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Michael Causey

FDA Compliance

Study: FDA 510(k) Approval Process Now Averages Six Months

For some device manufacturers, third-party reviewers could reduce that to 68 days

Published: Wednesday, July 15, 2015 - 11:27

If you’ve got six months—and nerves of steel—here’s some good news: You have a 61-percent chance of getting your medical device approved by the Food and Drug Administration (FDA). That’s one nugget of interesting data to be found in a recent Emergo Group report that analyzed some 15,000 device clearances between January 2010 and December 2014.

We’ve blogged about this quite a lot during the past four years, and it looks to be another case of the more things change, the more they stay the same. Back in June 2011, we reported on an Emergo study, which found that in 2006 it took about 96 days to get clearance. By 2010 that number had leapt to 132. Today, Emergo reports that “it now averages about six months.” Blame for this trend is slung around between industry and regulators. Each time the FDA says it’s made a big step forward, industry tends to toss these stats back in the agency’s face.

The FDA can’t exactly point to any kind of consistent improvement. It approved 3,173 devices working their way through the 510(k) maze in 2014, which was up nearly 5 percent from 2013, but pretty much in line with 2011 and 2012. Check back in a year or two to see if 2014 was the start of a positive trend.

Radiological and orthopedic devices are usually the fleetest of foot in the race for approval, averaging about 140 days last year. That’s up from 135 in 2013. Overall, about 22 percent of devices are cleared within three months.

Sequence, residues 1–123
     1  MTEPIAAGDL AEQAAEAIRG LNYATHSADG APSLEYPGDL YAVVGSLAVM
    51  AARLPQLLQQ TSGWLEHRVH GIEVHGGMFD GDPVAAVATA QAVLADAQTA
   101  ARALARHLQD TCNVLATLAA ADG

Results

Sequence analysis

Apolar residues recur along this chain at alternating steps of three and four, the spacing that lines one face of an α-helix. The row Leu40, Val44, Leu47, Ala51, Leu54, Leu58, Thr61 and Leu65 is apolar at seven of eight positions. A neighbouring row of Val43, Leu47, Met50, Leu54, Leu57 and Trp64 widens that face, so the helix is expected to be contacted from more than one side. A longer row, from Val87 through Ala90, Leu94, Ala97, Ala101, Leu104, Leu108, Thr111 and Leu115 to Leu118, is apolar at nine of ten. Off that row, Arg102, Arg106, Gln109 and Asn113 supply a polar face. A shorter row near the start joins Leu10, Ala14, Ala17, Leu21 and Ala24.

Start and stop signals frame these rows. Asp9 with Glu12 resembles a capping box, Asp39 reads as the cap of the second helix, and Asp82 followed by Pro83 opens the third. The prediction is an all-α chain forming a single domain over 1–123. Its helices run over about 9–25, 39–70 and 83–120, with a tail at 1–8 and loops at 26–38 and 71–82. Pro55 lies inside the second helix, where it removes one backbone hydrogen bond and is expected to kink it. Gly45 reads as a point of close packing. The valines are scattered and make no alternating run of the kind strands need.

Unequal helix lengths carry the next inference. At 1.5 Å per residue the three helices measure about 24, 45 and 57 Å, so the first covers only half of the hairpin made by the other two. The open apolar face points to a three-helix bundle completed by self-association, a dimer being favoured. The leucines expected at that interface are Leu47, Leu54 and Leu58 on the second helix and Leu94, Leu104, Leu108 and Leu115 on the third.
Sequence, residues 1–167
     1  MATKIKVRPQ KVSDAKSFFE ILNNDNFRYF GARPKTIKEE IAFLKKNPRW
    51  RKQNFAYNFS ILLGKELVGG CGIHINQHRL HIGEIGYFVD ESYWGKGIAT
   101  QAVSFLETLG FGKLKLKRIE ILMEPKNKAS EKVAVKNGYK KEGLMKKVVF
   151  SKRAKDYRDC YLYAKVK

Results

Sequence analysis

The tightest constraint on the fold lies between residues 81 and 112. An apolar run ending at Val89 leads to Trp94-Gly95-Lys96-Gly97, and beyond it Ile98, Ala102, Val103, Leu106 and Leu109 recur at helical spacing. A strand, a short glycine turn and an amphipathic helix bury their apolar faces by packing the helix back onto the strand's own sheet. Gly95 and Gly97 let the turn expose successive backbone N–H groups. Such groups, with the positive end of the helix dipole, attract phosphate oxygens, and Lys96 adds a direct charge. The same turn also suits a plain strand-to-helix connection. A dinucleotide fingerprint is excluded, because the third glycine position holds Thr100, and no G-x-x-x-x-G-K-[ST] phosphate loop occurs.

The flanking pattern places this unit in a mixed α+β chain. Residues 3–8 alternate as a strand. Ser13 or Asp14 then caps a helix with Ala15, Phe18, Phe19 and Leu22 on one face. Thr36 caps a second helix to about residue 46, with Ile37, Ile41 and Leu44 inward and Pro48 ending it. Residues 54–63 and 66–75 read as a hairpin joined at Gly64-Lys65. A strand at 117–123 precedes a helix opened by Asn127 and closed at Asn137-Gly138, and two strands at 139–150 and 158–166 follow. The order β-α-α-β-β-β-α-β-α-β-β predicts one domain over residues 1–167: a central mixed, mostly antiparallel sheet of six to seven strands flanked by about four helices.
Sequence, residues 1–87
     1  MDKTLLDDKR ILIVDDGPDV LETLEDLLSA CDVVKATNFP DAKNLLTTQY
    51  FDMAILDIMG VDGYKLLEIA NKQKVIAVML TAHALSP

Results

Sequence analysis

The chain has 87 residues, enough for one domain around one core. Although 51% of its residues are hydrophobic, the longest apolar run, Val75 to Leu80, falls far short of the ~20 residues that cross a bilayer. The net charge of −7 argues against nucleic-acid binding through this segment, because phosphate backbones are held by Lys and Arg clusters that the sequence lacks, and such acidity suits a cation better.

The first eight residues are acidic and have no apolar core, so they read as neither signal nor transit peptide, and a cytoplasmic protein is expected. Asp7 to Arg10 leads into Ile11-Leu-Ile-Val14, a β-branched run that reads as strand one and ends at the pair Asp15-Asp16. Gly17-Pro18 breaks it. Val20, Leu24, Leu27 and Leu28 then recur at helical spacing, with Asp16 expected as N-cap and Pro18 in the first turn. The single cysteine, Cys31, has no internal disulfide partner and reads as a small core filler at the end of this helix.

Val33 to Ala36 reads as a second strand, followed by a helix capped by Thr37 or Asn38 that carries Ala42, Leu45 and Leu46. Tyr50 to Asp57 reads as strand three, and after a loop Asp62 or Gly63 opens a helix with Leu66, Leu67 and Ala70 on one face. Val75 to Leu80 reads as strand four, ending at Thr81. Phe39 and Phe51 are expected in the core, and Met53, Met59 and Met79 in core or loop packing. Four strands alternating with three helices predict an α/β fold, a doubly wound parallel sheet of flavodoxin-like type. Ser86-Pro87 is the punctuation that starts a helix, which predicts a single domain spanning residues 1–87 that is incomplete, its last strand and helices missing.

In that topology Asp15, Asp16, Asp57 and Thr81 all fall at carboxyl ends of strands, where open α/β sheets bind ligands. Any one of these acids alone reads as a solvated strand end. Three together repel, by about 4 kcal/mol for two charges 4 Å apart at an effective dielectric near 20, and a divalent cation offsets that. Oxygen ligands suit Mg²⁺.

The study also finds that third-party reviewers tend to work more quickly than internal agency reviewers. Although not all devices qualify for this program, think about grabbing it if you can. Your device might clear in 68 days, on average, or more than 110 days faster than with an internal FDA reviewer.

Note: The FDA doesn’t release data about submissions rejected, withdrawn, or abandoned by the submitter. Emergo’s analysis doesn’t include devices subject to the Premarket Approval process.

So, still trying to figure out how your new medical device might fare in today’s FDA climate?

A fun new tool from Emergo just might sweep aside some of the fog. Simply plug in (or look up) your device product code, then sit back and let the tool tell you an estimate approval time based on similar products that have gone through—and survived—the process.

Unfortunately, you probably don’t need any kind of online tool to tell you one thing: The FDA’s 510(k) approval process keeps getting slower and slower and slower.

First published June 23, 2015, on the AssurX blog.

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About The Author

Michael Causey’s picture

Michael Causey

James Michael Causey’s been a journalist since he started his own neighborhood newspaper in the 1970s. In addition to quizzing FDA officials for the past 10+ years, he’s also interviewed political satirist Art Buchwald, FCC Chairman Reed Hundt, SEC Chairwoman Mary Schapiro, and is the past president of the Washington Independent Writers. Causey is the editor and publisher of eDataIntegrityReport.com and is a contributing writer on the AssurXblog.